Furthermore, we found a significant relationship between fear-based silence and employees’ perceptions of supervisors being abusive one year later. The implication is, then, that abusive supervisors get away with their behaviour because subordinates remain silent. Thus, abusive supervision, fear, and silence create a vicious cycle. The more employees fear their supervisors, the more they remain quiet, and the more their supervisors engage in the behaviours that made employees fearful to begin with.
We also found that perceiving one’s immediate work environment as one permeated by fear enhances the tendency of employees to remain silent. For illustration, let us return to those American critical-care nurses mentioned above by way of a follow-up study. What was the situation for them five years later? “Silence still kills. Essentially, many clinicians still live in a culture of fear with respect to their ability to challenge a colleague or superior regarding patient safety issues”.
Unfortunately, UK nurses do not seem to fare much better. In the aftermath of the Stafford hospital scandal, the Chief Executive of the Royal College of Midwives, Cathy Warwick, told the Guardian: “We hear far too often from midwives who are genuinely petrified about raising the alarm bell over poor quality of care …. They fear that senior managers will come down on them hard simply for raising concerns”.
So, what is to be done? One mitigating factor we examined was how assertive employees rated themselves. As hypothesised, the effects we found were less negative for those employees who were more comfortable standing up and speaking out for their own interests and concerns. Yet, we doubt the solution to this problem is assertiveness training (although it might not hurt). It is likely that even the most assertive employee falls silent when speaking up does not produce change in the work environment or the behaviour of superiors.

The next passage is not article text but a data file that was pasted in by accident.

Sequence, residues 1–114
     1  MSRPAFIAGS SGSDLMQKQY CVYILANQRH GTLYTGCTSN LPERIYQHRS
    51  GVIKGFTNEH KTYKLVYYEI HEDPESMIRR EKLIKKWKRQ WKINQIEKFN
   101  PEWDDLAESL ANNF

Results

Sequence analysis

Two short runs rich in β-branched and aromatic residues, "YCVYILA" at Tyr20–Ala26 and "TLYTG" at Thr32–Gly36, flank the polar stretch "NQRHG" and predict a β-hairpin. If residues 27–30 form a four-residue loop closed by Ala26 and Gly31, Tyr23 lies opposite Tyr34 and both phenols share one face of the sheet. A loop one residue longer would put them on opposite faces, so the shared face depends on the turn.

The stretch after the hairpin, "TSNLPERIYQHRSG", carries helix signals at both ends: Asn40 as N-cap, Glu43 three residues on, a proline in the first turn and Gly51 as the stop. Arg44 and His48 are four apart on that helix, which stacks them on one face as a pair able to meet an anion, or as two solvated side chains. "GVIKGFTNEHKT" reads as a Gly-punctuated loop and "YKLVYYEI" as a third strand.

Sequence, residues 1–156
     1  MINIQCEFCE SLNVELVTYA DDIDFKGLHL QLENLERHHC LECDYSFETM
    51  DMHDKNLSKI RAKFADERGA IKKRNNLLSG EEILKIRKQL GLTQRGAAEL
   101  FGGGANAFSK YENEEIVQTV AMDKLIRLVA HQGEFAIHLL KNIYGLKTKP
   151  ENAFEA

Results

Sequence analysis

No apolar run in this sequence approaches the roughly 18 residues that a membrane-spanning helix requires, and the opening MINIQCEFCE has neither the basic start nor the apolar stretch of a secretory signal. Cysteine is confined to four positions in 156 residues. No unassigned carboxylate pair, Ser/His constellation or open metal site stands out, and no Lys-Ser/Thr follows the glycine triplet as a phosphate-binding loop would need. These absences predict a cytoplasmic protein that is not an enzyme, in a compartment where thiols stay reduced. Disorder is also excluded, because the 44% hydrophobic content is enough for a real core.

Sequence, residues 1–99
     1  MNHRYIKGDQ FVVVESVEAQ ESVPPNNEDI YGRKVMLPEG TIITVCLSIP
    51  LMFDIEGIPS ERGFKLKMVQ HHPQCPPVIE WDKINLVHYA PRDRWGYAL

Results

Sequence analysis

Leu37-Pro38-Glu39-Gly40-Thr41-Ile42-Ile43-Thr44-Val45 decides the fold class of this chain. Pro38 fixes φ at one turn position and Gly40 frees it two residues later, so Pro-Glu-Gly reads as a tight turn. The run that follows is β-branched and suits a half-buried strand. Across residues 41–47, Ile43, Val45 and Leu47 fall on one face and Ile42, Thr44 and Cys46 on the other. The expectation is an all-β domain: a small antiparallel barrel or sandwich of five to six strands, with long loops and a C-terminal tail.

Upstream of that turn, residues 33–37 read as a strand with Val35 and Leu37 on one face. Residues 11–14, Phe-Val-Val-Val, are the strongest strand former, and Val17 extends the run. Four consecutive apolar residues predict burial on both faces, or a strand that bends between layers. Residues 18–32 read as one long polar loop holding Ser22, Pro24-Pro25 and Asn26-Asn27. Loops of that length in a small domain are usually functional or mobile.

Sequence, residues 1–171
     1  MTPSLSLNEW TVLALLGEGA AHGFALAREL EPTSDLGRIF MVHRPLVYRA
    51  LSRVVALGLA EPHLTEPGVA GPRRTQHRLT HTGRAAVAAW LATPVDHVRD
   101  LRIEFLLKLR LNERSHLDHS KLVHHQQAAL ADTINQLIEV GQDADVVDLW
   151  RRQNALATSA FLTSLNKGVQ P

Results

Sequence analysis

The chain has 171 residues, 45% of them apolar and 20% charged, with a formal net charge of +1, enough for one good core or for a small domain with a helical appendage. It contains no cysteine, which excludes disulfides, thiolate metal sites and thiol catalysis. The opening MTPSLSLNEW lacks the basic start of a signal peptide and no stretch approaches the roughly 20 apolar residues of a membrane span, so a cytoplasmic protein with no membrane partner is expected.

Which brings us to the role of management. While some, like hedge fund CEO Ray Dalio, strive to remove fear from their company’s culture, still too many managers and organisations ignore the issue, or worse, seem to think that abuse and fear are recipes for success (Amazon anybody?). The examples above suggest that when abuse and fear run rampant, both employees and organisations suffer. A better strategy for tapping the full potential of an organisation’s human resources? Our research suggests to get rid of the fear and the jerks.
Christian Kiewitz is a Professor of Management at the University of Dayton in Ohio, USA.
Simon Lloyd D. Restubog is Professor of Management and Organisational Behaviour and Lab Director of the Work Effectiveness & Leadership Lab (www.wellab.org) at The Australian National University.
Mindy Shoss is an Associate Professor of Psychology at the University of Central Florida and is currently serving as a Professorial Fellow in the Centre for Sustainable Human Resource Management and Wellbeing at Australian Catholic University.
Patrick Raymund James M. Garcia is an Assistant Professor of Management at the University of Vermont’s Grossman School of Business. His research focuses on the antecedents, mechanisms, and consequences of workplace aggression and employee deviance.
Robert L. Tang was the former Vice Chancellor for Academics at De La Salle-College of Saint Benilde in Manila, Philippines, from 2007 until he was appointed as Chancellor in May 2015. He is also a faculty member in the Human Resource Management Program of the School of Management and Information Technology.
This article was originally published LSE Business Review.